When Are Potatoes Ready To Harvest?

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One of the easiest vegetables to grow in your garden or potatoes. Potatoes are generally low maintenance vegetables, and they are super fun to plant and enjoy after being harvested. But how do you know when potatoes are ready to harvest? We have researched potato growing practices, and in this post, we will share this information with you.

Though the specific amount of time typically depends on the potato variety, most potatoes will be ready to harvest anywhere between 60 and 160 days from the day they have been planted. Weather changes can also reduce or increase the time it takes for the potatoes to harvest. The time of year that the potatoes are ready to harvest depends on the variety and the climate in your region. The biggest indicator that the plants are ready to harvest is when the plants begin to die.

The main thing to remember when growing potatoes is to pay attention to the plants and the soil. If you notice any anomalies, it’s essential to address them immediately to prevent them from affecting the harvest. Continue reading to learn more about when and how to harvest potatoes.

When Are Potatoes Ready To Harvest?, Hands harvesting fresh organic potatoes from soil

When To Harvest Potatoes

The variety of your potato will determine its harvest time. There are generally three categories for potato harvest times: first early potatoes, second early potatoes, and late-season (aka “Maincrop”) potatoes.

Harvesting Fresh Potatoes

First Early Potatoes

First, early potatoes typically require anywhere from 70 to 90 days to reach their harvest date, usually around June to July. You’ll usually find the potatoes grown by farmers living in southern regions where the temperature is typically on the warmer side. Common varieties include Arran Pilot, Red Duke of York, and Lady Christi.

Second Early Potatoes

These mid-season potatoes can take anywhere from 90 to 140 days to reach their full harvest. They’re typically planted around the first day of spring until the first couple of weeks in April and can be dug up anywhere from July to September. These potato varieties are usually grown by farmers who live in regions with mid-range temperatures. Common varieties include Jazzy, Nicola, and Maris Peer.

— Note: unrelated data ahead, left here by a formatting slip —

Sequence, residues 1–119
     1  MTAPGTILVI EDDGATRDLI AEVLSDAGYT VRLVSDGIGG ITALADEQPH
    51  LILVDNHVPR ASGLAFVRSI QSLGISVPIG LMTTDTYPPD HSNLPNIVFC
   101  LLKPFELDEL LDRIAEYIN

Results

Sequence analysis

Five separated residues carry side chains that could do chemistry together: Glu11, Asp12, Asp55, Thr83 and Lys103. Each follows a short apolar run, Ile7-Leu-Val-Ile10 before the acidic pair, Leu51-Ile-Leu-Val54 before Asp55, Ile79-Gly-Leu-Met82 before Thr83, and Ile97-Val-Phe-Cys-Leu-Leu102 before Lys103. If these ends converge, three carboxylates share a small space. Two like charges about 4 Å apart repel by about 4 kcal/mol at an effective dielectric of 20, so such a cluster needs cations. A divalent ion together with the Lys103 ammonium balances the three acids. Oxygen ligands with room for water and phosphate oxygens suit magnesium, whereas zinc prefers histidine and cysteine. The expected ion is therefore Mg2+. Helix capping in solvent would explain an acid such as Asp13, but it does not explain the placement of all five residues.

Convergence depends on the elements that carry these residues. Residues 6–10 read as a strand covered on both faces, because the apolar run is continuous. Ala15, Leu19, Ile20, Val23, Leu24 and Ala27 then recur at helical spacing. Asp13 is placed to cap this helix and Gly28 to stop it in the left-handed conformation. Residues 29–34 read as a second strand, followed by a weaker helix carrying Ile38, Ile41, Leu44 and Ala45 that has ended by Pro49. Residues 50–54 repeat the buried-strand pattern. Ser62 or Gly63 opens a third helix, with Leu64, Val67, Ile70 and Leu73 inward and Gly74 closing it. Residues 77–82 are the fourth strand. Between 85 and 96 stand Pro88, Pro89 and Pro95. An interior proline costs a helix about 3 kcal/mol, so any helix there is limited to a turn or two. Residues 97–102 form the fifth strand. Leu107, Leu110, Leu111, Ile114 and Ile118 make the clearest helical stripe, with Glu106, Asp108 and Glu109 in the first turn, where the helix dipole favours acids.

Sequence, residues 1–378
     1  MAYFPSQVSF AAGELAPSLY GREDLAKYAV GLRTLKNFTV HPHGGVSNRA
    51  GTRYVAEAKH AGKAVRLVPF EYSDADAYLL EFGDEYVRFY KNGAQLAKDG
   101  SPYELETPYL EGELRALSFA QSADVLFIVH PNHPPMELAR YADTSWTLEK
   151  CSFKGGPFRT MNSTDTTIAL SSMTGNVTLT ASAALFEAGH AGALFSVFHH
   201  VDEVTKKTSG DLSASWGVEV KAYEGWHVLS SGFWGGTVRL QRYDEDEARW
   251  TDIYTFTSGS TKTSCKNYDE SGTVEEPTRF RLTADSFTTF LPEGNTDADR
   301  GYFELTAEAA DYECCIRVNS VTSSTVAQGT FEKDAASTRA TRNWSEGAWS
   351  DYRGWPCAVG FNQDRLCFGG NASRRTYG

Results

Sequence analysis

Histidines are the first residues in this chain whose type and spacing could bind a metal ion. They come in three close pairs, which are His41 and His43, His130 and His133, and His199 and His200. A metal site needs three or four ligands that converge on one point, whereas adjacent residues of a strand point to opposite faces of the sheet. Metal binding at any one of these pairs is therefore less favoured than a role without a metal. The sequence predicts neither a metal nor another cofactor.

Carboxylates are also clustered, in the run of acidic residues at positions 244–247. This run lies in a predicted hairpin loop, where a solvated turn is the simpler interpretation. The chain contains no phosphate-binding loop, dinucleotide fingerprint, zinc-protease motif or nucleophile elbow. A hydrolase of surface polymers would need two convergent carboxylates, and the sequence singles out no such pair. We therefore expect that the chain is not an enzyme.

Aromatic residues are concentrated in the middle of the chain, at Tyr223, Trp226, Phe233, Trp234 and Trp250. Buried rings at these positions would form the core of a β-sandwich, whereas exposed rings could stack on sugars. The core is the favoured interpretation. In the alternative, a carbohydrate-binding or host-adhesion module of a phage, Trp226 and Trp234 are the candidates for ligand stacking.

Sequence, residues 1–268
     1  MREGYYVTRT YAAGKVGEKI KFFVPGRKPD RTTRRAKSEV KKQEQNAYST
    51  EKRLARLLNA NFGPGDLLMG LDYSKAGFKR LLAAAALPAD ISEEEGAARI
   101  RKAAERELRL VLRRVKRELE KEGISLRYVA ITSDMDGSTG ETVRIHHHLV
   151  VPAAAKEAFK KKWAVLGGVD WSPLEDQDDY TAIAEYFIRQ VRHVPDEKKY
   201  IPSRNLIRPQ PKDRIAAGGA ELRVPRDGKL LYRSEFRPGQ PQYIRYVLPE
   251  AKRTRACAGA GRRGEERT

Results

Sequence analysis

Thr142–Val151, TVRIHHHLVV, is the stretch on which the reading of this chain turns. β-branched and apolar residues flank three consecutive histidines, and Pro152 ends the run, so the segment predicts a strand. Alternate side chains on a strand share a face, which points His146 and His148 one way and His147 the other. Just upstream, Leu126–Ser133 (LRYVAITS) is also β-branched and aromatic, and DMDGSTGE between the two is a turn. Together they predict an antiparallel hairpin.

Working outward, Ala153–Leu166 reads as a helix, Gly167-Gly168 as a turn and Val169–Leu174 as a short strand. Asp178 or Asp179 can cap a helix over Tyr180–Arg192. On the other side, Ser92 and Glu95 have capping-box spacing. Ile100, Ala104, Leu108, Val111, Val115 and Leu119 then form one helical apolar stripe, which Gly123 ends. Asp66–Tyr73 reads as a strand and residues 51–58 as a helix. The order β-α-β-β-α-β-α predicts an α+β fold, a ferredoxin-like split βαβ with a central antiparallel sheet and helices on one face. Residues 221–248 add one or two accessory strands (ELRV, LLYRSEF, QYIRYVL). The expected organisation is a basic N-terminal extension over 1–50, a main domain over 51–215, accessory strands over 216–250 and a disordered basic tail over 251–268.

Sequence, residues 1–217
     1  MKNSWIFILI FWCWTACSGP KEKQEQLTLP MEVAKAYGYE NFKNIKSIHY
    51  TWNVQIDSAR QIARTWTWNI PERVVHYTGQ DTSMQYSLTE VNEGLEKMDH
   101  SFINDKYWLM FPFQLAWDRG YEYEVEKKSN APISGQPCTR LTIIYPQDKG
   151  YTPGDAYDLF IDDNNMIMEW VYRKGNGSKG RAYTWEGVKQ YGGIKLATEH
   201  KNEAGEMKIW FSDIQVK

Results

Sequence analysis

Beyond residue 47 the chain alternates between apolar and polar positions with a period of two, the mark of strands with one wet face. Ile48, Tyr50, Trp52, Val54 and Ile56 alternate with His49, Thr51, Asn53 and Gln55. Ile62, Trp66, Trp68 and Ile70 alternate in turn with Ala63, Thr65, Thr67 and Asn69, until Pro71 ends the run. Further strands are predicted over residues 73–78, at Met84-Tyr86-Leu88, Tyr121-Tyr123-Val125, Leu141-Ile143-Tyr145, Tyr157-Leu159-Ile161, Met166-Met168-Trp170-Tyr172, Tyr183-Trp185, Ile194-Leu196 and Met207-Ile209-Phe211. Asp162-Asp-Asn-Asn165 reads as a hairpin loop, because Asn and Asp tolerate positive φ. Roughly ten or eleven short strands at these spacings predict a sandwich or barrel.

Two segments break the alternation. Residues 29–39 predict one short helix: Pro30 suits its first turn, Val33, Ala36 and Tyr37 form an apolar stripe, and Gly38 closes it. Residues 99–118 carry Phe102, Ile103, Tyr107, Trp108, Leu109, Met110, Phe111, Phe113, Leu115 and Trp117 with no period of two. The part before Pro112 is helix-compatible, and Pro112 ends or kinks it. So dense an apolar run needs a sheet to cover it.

Maincrop Potatoes

Also referred to as late-season potatoes, these varieties can be ready for harvest anywhere from 130 to 150 days from their plant date. If you live in a Northern or Eastern region in the US, these may be the potatoes to grow in your area. They’re usually ready for harvest in August and September, and common varieties include the Purple Majesty, King Edward, and Russet varieties.

How do you know when it’s time to dig up potatoes?

close-up partial view of farmer holding ripe organic potatoes in field

Keep an eye on the calendar

If you’re planting seed potatoes, it’ll be anywhere from 80 to about 120 before they’re ready for harvest. Use this as a guideline to determine when the potatoes will be ready and be sure to account for external factors such as rainfall, climate, and soil conditions. Consider marking down the date that you planted the potato and then mark the estimated maturity date. It’s also a good idea to begin checking the potatoes a week or two ahead of the maturity date, just in case you need to harvest them early. This can help prevent the skins from slipping when you do try to harvest them.

Check the plants for readiness

Carefully dig up a shell of potatoes using a spading fork. Pick up a few tubers and run your fingers over the skin. If the potato’s skin rubs off very easily, the vegetable is not ready to be harvested. If this is the case, carefully place them back in the dirt and cover them. Leave the crops in the ground for a few days and then check them again using the “finger rub” method.

Check out this spading fork on Amazon.

Inspect the potato vines

Take a look at the vines on the potatoes and inspect their condition. If the vine is drying out and turning brown, this is a big sign that it’s time to harvest a potato. It’s best to let your potatoes grow until the vines die to ensure that they have reached full maturity. That being said, it’s always a good idea to dig up a few potatoes to check them for readiness first before harvesting all of the crops.